Don’t worry about ‘going overboard’ with the Bible
When it comes to eating, there are certain foods that I cannot get too much of. I have never complained, for instance, of “too much bacon” in any dish set before me. In an infinitely more significant way, I have found the same to be true about God’s word, the Bible. I have never spent too much time in the Bible. I have never heard a sermon or read a book that was based too much on the Bible. I have never obeyed the Bible too much, nor relied too completely on its promises and comforts.
When Moses died, just before the people of Israel were to enter the promised land, the Lord raised up Joshua to fill his shoes a daunting challenge for Joshua, to be sure! Consider these words of encouragement that God gave to Joshua: “This Book of the Law shall not depart from your mouth, but you shall meditate on it day and night, so that you may be careful to do according to all that is written in it. For then you will make your way prosperous, and then you will have good success.” Joshua 1:8.
The command to Joshua was that he not neglect the written scriptures. As we go through the stages of life, we engage in various interests that come and go. We may be into exercise for a number of years, or devote certain years to study, or to pursue a certain interest or hobby. Engaging in the Bible is a pursuit that must never be neglected, at any point of life.
The command was, further, that Joshua “meditate on it day and night.” His involvement with God’s written word was not to be superficial, nor was he to limit it to a small part of his schedule. Meditate. Day and night. These words challenge us to be very serious about the place of the Bible in our lives.
Of course, it is obvious that the Bible does no good if the reader does not actually take what he reads and put it into practice, to “be careful to do according to all that is written in it.” Do not miss that little word, “all.” You and I have no right to pick and choose what parts of the Bible to follow. It is all God’s word; it is all true and right and good.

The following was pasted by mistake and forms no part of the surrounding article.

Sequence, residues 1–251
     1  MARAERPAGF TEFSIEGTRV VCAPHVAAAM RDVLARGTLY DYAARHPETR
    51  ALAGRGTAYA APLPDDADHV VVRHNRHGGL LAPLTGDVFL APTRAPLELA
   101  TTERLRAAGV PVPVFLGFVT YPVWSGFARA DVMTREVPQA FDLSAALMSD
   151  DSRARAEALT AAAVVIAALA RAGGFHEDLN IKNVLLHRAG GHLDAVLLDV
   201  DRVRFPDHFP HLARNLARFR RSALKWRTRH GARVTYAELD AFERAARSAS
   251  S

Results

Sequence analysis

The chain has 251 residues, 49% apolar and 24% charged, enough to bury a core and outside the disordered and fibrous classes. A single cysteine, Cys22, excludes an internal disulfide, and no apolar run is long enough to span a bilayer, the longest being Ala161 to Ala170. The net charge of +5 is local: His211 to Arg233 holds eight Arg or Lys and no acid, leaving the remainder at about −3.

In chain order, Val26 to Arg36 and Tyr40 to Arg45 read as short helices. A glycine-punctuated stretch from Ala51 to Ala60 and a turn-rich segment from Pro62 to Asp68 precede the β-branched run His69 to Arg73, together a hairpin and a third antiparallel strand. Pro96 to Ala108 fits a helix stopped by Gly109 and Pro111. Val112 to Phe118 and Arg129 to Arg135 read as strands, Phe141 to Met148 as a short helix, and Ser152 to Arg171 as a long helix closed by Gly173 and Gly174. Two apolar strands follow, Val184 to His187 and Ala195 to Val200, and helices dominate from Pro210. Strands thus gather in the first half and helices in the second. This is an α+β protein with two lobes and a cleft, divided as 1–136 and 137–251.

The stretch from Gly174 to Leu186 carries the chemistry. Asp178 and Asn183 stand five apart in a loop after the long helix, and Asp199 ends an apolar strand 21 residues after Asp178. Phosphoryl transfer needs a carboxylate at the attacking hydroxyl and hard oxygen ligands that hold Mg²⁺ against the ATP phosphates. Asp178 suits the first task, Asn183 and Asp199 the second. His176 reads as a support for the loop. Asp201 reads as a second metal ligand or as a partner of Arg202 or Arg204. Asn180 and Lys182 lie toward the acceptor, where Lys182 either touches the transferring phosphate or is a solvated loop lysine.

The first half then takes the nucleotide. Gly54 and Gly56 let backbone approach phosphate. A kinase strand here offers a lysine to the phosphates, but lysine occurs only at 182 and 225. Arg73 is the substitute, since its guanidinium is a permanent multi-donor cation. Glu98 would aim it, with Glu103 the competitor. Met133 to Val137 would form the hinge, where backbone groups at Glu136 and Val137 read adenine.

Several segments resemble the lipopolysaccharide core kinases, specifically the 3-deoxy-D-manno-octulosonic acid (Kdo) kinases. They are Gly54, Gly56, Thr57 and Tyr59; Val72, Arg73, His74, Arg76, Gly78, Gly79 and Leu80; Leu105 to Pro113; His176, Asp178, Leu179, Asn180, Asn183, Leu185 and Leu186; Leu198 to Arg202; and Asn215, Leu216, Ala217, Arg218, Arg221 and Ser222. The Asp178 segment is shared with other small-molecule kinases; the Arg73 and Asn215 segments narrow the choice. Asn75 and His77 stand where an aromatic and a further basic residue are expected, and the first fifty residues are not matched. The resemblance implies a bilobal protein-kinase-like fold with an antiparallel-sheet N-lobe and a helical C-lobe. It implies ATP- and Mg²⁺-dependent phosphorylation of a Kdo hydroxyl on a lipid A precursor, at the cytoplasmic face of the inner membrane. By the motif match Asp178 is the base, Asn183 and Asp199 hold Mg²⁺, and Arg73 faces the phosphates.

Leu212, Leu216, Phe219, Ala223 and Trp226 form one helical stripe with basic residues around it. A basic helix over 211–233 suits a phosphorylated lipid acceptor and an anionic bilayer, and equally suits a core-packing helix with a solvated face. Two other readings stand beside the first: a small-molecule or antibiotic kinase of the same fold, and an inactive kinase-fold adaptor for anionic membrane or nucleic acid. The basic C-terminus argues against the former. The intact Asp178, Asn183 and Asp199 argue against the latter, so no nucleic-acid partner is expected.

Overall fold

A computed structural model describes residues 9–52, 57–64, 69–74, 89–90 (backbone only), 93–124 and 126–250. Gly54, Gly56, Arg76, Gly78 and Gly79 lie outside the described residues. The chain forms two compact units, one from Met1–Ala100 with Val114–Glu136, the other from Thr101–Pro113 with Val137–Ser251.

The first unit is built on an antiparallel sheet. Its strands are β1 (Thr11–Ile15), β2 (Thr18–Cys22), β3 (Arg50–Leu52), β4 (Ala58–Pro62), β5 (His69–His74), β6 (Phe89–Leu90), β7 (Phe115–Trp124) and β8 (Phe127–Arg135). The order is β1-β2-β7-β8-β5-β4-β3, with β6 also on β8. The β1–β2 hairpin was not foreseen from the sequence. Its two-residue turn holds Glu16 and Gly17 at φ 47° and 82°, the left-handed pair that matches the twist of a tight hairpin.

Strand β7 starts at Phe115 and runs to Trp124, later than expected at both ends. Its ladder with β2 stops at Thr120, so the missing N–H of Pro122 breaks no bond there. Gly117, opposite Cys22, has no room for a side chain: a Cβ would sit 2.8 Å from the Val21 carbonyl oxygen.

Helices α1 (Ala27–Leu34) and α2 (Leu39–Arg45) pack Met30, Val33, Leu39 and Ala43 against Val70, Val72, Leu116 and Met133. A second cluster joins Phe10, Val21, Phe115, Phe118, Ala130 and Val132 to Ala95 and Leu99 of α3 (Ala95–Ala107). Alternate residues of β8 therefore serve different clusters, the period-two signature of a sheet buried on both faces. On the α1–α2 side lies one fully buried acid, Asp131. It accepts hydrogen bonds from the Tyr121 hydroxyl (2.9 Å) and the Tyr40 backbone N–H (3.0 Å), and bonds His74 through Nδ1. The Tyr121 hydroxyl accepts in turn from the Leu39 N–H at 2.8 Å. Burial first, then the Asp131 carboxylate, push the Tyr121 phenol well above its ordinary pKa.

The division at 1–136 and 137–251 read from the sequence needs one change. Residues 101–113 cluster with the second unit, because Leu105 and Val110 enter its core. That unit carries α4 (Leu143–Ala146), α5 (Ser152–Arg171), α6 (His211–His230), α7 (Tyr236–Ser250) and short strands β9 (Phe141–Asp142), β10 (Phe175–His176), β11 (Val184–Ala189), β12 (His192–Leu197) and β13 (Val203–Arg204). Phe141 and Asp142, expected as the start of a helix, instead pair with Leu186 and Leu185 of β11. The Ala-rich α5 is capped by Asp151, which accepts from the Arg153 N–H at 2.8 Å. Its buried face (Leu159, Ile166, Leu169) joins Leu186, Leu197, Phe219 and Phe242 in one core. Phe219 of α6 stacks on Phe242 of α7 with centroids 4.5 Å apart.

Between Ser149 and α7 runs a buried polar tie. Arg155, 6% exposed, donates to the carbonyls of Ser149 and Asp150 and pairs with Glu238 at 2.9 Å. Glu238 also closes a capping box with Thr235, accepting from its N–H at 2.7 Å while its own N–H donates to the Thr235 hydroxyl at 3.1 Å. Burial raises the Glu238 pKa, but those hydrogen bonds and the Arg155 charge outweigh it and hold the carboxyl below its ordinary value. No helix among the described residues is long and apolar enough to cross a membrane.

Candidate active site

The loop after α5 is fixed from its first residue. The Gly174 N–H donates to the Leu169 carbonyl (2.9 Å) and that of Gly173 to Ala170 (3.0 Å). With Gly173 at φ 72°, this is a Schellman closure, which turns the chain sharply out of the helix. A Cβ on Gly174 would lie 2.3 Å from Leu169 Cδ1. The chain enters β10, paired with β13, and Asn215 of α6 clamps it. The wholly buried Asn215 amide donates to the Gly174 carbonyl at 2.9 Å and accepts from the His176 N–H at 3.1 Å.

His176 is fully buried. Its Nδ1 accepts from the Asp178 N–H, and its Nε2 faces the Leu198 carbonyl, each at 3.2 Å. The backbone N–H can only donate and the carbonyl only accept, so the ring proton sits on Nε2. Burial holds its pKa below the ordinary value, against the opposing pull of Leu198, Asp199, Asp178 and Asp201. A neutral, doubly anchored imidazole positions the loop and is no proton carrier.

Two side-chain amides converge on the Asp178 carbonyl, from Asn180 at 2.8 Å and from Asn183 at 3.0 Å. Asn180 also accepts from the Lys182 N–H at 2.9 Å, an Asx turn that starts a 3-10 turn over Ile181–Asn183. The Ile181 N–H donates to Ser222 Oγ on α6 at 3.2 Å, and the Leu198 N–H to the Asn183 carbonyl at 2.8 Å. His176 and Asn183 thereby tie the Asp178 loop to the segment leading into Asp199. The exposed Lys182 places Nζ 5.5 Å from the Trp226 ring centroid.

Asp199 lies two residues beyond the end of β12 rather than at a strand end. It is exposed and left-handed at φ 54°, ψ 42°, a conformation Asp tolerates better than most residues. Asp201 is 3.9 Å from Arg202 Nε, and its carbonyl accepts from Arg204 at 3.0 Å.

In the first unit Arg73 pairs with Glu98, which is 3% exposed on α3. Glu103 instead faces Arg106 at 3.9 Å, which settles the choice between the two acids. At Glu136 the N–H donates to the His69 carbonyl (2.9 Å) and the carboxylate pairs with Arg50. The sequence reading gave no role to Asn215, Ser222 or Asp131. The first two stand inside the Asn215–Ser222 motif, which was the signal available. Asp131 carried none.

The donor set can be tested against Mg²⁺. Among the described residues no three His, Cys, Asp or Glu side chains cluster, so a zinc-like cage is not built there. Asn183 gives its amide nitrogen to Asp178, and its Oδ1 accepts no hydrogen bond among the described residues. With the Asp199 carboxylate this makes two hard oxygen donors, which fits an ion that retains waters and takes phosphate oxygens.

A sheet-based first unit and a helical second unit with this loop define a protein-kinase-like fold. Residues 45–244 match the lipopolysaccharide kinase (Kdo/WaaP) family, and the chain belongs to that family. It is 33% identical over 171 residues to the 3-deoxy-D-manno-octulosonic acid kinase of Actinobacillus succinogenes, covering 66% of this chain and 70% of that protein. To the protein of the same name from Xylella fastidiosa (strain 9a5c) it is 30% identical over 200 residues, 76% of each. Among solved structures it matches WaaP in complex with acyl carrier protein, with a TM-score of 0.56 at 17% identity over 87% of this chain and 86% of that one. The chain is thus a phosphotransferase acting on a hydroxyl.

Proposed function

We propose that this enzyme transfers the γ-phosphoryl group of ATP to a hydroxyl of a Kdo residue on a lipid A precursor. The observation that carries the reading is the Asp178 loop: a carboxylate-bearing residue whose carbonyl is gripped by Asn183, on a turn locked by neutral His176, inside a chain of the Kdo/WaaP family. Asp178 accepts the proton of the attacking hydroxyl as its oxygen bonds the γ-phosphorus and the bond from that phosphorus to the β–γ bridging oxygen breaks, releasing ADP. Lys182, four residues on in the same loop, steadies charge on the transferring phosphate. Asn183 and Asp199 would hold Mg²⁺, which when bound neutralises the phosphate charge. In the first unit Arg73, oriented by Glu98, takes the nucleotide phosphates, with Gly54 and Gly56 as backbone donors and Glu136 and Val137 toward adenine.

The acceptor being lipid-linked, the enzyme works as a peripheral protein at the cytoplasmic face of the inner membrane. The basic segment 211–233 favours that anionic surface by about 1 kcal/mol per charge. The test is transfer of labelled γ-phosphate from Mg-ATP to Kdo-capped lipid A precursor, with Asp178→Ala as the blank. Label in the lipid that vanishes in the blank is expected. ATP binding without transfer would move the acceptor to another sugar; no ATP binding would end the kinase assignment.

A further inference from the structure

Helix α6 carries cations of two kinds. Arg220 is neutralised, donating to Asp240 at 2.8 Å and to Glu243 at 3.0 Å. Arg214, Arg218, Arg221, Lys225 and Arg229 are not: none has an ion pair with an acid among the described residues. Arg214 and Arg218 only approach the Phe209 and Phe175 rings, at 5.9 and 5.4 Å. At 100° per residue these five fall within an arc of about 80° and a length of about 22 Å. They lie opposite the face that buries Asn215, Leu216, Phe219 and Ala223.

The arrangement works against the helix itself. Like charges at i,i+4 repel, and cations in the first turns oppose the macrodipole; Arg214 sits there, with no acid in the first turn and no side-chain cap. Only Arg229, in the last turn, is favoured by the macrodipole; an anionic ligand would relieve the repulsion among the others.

The challenge is followed with a promise of prosperity and success. This must not be taken in the carnal sense promoted by the “health and wealth” preachers that infect the religious scene with their appeal to our self-interest and greed. God was promising Joshua that he would prosper and succeed in his calling to lead God’s people into the promised land, not that he would become rich. True prosperity in life is not measured in bank accounts and health reports, but in virtue, in good works, and in accomplishing the mission that God has for each of us in this world. For this, you and I need the Bible.
So do not worry about “going overboard” with the Bible. When it comes to God’s word in our lives, there is never too much.
Rev. Richard C. Klueg is the Pastor of the Baptist Church of Northville.